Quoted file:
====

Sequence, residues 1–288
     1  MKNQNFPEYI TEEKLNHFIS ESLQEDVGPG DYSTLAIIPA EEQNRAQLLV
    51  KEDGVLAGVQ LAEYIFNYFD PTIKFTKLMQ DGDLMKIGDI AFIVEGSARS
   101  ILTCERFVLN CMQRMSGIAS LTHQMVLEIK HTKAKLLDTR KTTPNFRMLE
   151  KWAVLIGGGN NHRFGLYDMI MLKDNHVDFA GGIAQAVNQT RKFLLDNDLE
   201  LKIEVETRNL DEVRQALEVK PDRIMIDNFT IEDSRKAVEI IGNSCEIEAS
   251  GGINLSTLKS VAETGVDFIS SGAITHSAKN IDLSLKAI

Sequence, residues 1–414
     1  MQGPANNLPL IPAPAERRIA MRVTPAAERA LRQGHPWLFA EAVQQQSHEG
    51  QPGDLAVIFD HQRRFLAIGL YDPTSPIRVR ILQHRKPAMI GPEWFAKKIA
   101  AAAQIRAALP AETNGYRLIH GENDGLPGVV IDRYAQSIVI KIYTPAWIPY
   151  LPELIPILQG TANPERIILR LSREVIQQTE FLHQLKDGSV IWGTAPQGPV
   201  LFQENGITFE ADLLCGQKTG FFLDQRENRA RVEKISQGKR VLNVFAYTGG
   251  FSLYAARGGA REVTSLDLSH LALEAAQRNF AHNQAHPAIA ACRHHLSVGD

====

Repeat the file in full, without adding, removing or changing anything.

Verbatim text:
Sequence, residues 1–288
     1  MKNQNFPEYI TEEKLNHFIS ESLQEDVGPG DYSTLAIIPA EEQNRAQLLV
    51  KEDGVLAGVQ LAEYIFNYFD PTIKFTKLMQ DGDLMKIGDI AFIVEGSARS
   101  ILTCERFVLN CMQRMSGIAS LTHQMVLEIK HTKAKLLDTR KTTPNFRMLE
   151  KWAVLIGGGN NHRFGLYDMI MLKDNHVDFA GGIAQAVNQT RKFLLDNDLE
   201  LKIEVETRNL DEVRQALEVK PDRIMIDNFT IEDSRKAVEI IGNSCEIEAS
   251  GGINLSTLKS VAETGVDFIS SGAITHSAKN IDLSLKAI

Sequence, residues 1–414
     1  MQGPANNLPL IPAPAERRIA MRVTPAAERA LRQGHPWLFA EAVQQQSHEG
    51  QPGDLAVIFD HQRRFLAIGL YDPTSPIRVR ILQHRKPAMI GPEWFAKKIA
   101  AAAQIRAALP AETNGYRLIH GENDGLPGVV IDRYAQSIVI KIYTPAWIPY
   151  LPELIPILQG TANPERIILR LSREVIQQTE FLHQLKDGSV IWGTAPQGPV
   201  LFQENGITFE ADLLCGQKTG FFLDQRENRA RVEKISQGKR VLNVFAYTGG
   251  FSLYAARGGA REVTSLDLSH LALEAAQRNF AHNQAHPAIA ACRHHLSVGD